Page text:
A former foster carer is being hailed as Nigeria’s ‘Mother Theresa’.
For twenty three years Lydia Ina looked after children in Manchester.
Now the Fallowfield great-grandmother has dedicated her life to helping the poor and needy in Africa.
Lydia, of Garswood Road, has just returned from last mission to Nigeria where she overseen further development work at our rescue centre. The centre now supports 15 children, aged 2 to 15. and supports a further 8 with our community carers
Her Manchester based charity, the Gapolunya Foundation provides street children with food shelter and access to education - and trains carers to look after them for when they leave the home and return to their communities.
In the five years since she founded the charity she has also recruited doctors to provide free health testing and drugs to 10,000 villagers.
And on her most recent visit she travelled through communities wracked by conflict to provide and mosquito nets to 300 pregnant mums, support subsistence farming projects, and provide financial and educational support to poor children, using her own money, and money raised by kindhearted Mancunians.
The work is having such an impact Lydia has been compared to ‘Mother Theresa’ in local television broadcasts.
Devout Catholic Lydia was inspired to found the charity after visiting Cross River state in south-eastern Nigeria and meeting children exiled by their families after being accused of ‘witchcraft’.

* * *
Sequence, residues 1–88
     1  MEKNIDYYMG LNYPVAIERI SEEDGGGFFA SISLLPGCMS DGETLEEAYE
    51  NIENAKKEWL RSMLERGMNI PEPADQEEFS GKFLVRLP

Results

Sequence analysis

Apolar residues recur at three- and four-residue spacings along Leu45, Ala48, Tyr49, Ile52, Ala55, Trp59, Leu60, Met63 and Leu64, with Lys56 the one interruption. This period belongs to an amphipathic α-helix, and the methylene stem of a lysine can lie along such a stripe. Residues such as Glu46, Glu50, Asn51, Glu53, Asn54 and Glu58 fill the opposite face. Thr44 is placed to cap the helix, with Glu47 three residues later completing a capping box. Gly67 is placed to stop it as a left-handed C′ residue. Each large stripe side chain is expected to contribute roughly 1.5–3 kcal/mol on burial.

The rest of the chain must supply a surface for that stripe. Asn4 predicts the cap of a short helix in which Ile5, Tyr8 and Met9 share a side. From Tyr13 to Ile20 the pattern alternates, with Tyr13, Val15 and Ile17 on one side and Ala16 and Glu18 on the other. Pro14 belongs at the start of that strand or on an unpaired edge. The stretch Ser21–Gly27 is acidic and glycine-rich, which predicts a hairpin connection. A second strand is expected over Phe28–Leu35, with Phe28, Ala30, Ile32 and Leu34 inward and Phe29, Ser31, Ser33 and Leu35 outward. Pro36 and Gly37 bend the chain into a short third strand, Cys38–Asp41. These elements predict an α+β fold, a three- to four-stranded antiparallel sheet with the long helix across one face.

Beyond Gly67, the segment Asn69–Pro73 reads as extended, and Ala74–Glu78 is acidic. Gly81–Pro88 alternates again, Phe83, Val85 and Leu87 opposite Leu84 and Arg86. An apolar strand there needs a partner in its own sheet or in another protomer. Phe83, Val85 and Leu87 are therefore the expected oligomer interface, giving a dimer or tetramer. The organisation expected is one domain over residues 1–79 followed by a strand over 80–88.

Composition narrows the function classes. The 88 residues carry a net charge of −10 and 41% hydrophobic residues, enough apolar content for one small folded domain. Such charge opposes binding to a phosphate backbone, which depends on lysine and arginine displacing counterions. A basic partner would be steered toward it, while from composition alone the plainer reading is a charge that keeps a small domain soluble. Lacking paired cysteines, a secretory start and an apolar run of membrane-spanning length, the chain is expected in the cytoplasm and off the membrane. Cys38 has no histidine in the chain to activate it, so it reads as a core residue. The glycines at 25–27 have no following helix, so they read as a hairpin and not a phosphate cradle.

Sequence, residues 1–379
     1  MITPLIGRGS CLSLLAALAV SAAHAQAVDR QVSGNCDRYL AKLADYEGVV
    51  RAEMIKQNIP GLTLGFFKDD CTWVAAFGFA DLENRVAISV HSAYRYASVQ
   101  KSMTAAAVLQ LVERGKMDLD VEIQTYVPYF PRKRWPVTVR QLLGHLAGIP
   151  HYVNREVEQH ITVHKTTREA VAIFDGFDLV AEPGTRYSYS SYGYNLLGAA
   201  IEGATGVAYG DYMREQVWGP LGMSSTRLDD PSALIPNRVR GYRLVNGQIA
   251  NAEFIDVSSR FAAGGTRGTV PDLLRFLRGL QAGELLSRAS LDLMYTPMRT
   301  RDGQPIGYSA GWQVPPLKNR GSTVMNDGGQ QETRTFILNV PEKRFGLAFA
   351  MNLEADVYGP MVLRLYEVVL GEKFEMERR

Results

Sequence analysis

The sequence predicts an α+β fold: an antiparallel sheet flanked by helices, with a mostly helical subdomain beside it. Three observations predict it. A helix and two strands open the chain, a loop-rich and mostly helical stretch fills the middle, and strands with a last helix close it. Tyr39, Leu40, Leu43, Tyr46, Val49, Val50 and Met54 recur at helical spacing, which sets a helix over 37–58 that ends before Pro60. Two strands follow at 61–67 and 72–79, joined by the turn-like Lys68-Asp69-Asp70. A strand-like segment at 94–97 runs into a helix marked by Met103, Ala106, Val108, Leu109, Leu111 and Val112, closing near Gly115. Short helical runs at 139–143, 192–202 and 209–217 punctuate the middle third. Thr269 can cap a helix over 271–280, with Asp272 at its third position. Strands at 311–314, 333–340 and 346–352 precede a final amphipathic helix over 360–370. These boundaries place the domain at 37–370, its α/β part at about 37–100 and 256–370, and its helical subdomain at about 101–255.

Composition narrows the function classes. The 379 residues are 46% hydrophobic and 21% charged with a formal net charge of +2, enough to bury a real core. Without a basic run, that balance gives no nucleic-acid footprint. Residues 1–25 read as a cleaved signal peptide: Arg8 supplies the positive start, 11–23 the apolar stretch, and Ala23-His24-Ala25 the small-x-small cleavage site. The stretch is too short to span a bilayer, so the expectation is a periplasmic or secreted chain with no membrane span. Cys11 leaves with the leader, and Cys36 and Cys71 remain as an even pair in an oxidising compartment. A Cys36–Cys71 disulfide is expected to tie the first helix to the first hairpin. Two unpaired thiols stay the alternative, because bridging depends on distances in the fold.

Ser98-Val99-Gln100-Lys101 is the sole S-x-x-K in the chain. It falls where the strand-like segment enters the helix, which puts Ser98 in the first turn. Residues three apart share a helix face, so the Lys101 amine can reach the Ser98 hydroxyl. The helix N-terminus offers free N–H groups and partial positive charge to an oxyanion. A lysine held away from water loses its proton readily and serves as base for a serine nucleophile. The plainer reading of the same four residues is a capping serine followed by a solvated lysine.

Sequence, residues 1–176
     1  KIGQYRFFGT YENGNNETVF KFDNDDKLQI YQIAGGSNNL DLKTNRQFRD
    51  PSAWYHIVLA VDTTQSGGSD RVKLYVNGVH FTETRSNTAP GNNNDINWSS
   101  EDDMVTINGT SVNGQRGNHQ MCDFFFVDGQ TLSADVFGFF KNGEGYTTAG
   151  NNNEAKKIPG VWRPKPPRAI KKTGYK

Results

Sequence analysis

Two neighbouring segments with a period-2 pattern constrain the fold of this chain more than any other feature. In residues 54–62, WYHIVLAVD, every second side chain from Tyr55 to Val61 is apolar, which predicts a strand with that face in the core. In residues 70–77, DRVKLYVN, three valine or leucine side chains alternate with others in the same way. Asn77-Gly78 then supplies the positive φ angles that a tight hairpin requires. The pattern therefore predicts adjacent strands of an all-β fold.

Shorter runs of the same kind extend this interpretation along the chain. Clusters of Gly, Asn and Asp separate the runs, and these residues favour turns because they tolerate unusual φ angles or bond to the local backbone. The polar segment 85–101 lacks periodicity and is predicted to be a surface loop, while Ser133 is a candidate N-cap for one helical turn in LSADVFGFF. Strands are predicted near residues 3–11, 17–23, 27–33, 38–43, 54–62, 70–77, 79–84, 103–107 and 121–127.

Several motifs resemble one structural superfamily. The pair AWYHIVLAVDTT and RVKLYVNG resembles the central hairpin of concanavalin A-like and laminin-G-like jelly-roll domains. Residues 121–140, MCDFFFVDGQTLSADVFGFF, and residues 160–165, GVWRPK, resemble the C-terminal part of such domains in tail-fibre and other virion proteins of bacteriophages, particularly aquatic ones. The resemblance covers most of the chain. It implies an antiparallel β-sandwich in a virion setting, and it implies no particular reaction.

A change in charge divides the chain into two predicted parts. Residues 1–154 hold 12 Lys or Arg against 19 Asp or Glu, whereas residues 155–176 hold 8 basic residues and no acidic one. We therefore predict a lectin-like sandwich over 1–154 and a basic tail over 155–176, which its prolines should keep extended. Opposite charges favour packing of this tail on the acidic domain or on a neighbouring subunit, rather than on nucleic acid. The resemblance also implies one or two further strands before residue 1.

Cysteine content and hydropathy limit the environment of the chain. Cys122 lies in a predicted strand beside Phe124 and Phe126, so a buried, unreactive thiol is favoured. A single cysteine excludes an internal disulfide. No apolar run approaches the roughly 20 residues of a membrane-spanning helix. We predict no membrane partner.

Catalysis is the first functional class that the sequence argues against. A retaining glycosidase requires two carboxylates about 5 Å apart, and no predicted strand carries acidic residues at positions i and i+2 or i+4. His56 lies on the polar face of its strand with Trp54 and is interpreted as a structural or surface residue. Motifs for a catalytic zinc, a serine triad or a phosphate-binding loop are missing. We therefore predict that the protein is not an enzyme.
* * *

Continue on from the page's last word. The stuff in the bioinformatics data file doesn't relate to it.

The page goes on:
“When I arrived I started to look for these ‘witchcraft’ children, and I found about fifty of them,so I asked the government if they can give me a
home where I can start looking after them but the government refused.
“So I stayed with them to look after them.
“As I travelled I met other children, not ‘witch children’ but orphans with nowhere to go and no food, so I started a centre to help them. The most important thing is to send them to school, to make sure they achieve an education that is the key to life and their security.
“Since they have been at the centre the children have improved so much. Children are my life - I looked after children 23 years as a foster carer, brought up six children, and I will work until I drop with children.”
A building programme is currently expanding the capacity of the orphanage and upgrading the building.
A bore hole has been installed to provide fresh clean water to our centre. In time, this will be developed into a small enterprise to provide some funding to cover its running costs.